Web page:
Latest Alerts for WordPress: POP Chain Leading to Site Takeover, Backdoor-Distributing Phishing Campaign
On December 6, 2023, WordPress rolled out version 6.4.2, addressing a vulnerability introduced in version 6.4 – specifically, a POP chain issue within the core. This vulnerability depended on the existence of an additional PHP Object Injection vulnerability. Simply put, coupled with any other Object Injection vulnerability that may exist in a plugin, it presented a critical threat, potentially enabling arbitrary PHP code execution on websites. Wordfence emphasizes this risk, underscoring the potential for a complete site takeover.
Simultaneously, a new danger emerges as malicious actors exploit a fabricated WordPress vulnerability patch to distribute backdoor malware. Unsuspecting users may unwittingly install the very threat they aim to guard against, assuming it is a legitimate security fix.
This article outlines these latest challenges in WordPress security and the tactics deployed by threat actors.
At the root of the vulnerability lies the WP_HTML_Token class, introduced with WordPress 6.4 to enhance HTML parsing in the block editor. The issue stems from its __destruct method, triggered automatically after PHP processes a request.
The method utilizes call_user_func, executing a function provided through the on_destroy property, with the bookmark_name property as an argument.
Exploiting an existing Object Injection vulnerability provides attackers with control over both the function and argument, allowing arbitrary code execution on the compromised WordPress site. The repercussions encompass unauthorized access, leading to data theft, site defacement, and potential malware distribution to users – essentially resulting in a full site takeover.
Recognizing the severity, WordPress labels this a “Remote Code Execution vulnerability” in its security release note, and states that while this vulnerability is not directly exploitable in the core, its severity significantly escalates when combined with specific plugins, particularly in multisite installations.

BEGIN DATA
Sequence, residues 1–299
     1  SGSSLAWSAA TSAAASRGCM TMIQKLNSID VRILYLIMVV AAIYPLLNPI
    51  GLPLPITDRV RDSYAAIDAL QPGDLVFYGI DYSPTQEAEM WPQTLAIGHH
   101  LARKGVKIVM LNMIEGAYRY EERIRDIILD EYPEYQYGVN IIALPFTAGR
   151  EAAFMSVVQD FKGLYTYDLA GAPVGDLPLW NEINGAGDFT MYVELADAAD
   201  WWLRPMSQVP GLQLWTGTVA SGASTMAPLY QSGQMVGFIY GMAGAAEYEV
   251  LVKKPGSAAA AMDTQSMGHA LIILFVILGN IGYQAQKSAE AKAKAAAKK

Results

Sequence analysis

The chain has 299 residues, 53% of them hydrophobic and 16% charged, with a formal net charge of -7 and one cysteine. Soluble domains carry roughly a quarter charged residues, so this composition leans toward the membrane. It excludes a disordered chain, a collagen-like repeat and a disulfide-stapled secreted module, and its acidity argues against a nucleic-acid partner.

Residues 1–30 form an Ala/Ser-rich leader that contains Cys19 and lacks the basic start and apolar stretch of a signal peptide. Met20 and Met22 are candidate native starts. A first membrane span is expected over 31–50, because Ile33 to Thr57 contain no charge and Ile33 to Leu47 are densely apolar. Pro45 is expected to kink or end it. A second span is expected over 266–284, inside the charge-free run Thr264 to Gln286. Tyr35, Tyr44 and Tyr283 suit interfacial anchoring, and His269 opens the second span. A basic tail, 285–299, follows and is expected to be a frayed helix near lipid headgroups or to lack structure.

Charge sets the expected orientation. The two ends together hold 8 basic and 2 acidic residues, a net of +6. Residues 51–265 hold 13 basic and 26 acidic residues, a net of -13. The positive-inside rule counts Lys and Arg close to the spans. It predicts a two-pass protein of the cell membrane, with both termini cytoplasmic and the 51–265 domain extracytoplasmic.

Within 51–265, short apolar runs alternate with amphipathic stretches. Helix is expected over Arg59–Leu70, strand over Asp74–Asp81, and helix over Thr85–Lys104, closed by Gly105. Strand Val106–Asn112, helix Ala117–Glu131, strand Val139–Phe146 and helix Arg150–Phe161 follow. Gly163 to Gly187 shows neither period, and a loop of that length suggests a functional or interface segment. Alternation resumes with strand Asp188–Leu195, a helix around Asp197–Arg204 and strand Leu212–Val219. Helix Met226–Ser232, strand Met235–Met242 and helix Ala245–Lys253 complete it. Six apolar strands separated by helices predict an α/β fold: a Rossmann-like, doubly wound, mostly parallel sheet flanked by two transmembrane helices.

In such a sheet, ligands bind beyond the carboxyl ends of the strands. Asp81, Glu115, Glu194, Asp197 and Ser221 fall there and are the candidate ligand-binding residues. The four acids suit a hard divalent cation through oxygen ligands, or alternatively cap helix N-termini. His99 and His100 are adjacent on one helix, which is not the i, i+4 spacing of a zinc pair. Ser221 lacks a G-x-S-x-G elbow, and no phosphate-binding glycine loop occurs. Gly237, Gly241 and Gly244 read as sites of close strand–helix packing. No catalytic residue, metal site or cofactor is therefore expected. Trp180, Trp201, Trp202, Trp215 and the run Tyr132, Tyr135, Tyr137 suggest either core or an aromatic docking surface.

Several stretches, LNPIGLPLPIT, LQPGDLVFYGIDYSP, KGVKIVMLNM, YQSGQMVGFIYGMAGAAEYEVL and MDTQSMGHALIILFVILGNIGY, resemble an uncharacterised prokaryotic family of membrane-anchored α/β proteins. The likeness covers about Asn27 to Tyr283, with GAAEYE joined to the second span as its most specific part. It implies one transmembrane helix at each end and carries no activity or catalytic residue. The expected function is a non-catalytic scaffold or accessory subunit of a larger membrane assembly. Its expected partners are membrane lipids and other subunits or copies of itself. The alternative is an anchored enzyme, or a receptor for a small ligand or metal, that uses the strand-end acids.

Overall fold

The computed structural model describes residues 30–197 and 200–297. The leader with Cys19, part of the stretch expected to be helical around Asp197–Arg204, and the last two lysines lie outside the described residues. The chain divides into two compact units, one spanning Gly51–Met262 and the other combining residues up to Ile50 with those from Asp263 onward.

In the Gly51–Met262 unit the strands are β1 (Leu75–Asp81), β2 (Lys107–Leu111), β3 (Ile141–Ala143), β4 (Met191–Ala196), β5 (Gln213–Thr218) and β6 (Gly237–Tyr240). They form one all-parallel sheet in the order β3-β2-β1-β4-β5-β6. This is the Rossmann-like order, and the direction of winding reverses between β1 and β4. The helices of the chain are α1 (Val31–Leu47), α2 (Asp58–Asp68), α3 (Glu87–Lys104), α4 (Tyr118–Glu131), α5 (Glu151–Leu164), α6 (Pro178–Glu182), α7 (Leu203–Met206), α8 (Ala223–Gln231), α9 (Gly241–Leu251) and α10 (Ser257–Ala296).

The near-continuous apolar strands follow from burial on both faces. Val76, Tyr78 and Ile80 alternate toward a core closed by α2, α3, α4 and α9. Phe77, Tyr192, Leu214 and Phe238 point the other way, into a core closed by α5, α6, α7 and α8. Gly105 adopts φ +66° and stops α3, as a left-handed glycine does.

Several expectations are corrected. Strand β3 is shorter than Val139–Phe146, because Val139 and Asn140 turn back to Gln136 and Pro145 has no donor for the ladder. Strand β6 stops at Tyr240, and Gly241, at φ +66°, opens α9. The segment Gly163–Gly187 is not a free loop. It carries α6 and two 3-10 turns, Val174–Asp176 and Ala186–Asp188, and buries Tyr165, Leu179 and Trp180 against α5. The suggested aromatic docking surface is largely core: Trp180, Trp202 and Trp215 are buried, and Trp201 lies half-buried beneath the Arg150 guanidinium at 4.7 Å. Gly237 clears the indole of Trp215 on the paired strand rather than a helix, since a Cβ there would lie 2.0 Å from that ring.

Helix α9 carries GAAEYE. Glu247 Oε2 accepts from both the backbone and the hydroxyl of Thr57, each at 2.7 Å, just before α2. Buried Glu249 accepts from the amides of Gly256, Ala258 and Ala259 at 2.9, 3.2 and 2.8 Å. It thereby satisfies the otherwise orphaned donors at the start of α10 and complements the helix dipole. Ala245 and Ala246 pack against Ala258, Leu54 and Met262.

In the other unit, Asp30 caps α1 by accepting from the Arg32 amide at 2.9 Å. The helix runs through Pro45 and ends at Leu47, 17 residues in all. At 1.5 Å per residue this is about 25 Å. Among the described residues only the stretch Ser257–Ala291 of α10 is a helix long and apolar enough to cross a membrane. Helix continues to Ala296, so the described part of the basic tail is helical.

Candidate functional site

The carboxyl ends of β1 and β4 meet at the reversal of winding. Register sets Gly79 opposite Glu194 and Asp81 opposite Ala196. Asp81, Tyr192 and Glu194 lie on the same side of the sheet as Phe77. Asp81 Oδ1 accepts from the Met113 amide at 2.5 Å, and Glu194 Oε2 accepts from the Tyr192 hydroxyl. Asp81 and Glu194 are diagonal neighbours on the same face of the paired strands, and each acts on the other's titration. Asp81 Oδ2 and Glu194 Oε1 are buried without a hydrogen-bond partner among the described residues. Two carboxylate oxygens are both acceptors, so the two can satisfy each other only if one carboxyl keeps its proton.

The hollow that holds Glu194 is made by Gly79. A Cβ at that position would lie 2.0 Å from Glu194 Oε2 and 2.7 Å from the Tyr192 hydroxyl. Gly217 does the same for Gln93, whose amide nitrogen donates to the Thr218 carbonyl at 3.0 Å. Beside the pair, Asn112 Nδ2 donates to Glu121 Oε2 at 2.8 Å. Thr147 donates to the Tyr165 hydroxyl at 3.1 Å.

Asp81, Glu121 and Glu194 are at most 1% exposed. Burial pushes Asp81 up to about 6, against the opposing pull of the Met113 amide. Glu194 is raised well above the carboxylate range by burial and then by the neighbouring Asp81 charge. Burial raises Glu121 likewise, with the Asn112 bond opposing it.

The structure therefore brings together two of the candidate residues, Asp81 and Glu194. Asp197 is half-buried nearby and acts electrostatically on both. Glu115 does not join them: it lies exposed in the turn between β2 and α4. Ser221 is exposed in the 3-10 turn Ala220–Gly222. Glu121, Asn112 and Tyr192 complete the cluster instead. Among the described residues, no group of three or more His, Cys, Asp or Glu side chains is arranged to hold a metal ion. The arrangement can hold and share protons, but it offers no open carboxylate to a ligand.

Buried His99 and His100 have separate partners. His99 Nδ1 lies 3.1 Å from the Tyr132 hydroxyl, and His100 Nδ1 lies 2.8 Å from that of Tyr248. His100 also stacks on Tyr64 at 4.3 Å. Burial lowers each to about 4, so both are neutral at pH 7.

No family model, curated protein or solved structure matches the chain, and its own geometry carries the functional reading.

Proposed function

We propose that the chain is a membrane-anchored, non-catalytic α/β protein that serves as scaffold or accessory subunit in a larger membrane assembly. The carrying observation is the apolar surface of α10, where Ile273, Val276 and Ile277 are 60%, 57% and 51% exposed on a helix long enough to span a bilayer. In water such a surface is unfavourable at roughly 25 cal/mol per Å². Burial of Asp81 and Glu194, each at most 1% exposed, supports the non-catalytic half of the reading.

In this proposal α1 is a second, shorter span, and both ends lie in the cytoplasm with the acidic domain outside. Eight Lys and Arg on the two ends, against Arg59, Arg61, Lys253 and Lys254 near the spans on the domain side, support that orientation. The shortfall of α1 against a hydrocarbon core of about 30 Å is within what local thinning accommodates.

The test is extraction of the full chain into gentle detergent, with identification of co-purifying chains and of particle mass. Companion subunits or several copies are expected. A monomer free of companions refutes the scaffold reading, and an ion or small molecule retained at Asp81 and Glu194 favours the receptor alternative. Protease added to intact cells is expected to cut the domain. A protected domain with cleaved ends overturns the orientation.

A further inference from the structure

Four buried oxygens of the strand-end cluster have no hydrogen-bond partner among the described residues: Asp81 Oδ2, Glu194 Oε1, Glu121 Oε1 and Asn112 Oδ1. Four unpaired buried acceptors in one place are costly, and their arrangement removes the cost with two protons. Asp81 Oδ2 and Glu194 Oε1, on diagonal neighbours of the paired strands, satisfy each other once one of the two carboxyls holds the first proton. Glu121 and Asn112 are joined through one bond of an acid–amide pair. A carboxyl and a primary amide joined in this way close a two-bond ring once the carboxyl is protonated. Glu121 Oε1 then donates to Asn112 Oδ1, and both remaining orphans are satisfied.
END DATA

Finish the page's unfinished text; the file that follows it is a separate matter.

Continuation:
Object Injection vulnerabilities, often challenging due to the absence of effective POP chains, escalate in risk when an easy-to-exploit POP chain emerges, according to Wordfence. Although WordPress Core lacks known object injection vulnerabilities, they are pervasive in plugins and themes, amplifying associated risks.
How Did WordPress Patch the Vulnerability?
WordPress 6.4.2 incorporates a new method, __wakeup, which patches the vulnerability. This method guarantees that any serialized object with the WP_HTML_Token class throws an error upon unserialization, thwarting the execution of the __destruct function.
While most sites automatically update to WordPress 6.4.2, Wordfence advises to manually verify the update.
WordPress Update and Additional Recommendations
In response to this recent vulnerability, prioritize the following actions to safeguard your website:
- Update to Version 6.4.2: Regardless of your current version (6.4 or 6.4.1), update promptly to benefit from the patch addressing the identified vulnerability.
- Keep Plugins and Themes Updated: Regularly update all plugins and themes to their latest versions to fortify against all potential vulnerabilities, including object injection vulnerabilities.
- Regular Vulnerability Scans: Conduct routine scans to promptly detect and address any vulnerabilities on your website.
Phishing Alert: Security Patch for Non-Existent WordPress Vulnerability (CVE-2023-45124)
A deceptive security alert has surfaced, falsely addressing a non-existent Remote Code Execution (RCE) vulnerability within WordPress. Rather than offering an actual fix, the scheme creates an admin user and introduces a backdoor into compromised sites.
In the campaign, the attackers send a phishing e-mail, posing as the WordPress team. The e-mail alleges an update for an RCE vulnerability, tracked as CVE-2023-45124 – which is not a valid CVE. The recipients are urged to download a supposed patch plugin, which, upon installation, adds a malicious administrator user (wpsecuritypatch) and transmits site credentials to wpgate[.]zip.
This malicious plugin also downloads a separate backdoor (wp-autoload.php) from wpgate[.]zip, providing attackers persistence and full control over the site and server account. Researchers warn that the backdoor can enable future malicious activities. Attackers can utilize it to inject ads, redirect users to harmful sites, employ it for DDoS attacks, or pilfer billing information.
Users who install and activate the plugin receive a notification that the CVE-2023-45124 has been successfully patched. They are then encouraged to propagate the fake patch to other potentially vulnerable users, possibly initiating a malicious cycle.
This scheme emphasizes the need for vigilance against unexpected security alerts, urging users to verify communications to safeguard their WordPress installations.
Detailed analysis of the campaign is available on Patchstack.
Indicators of Compromise (IOCs) related to the campaign are listed below:
File in Webroot:
(SHA-256 Hash: ffd5b0344123a984d27c4aa624215fa6452c3849522803b2bc3a6ee0bcb23809)
Hidden Administrative User:
How Can SOCRadar Help?
With SOCRadar’s Attack Surface Management, you can ensure continuous monitoring of your digital assets and receive timely alerts for emerging vulnerabilities or security threats.
Alarms can be easily managed through the platform, providing quick insights into threats affecting your organization and improving the response process.
In addition, the Vulnerability Intelligence dashboard provides a comprehensive view of global vulnerability trends, enabling informed CVE patching prioritization.